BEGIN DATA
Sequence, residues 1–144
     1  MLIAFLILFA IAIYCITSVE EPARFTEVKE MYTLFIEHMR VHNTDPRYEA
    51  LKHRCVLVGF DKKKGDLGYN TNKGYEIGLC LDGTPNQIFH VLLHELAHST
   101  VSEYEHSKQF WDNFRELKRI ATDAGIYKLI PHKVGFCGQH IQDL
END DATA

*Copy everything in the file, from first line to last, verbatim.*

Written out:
Sequence, residues 1–144
     1  MLIAFLILFA IAIYCITSVE EPARFTEVKE MYTLFIEHMR VHNTDPRYEA
    51  LKHRCVLVGF DKKKGDLGYN TNKGYEIGLC LDGTPNQIFH VLLHELAHST
   101  VSEYEHSKQF WDNFRELKRI ATDAGIYKLI PHKVGFCGQH IQDL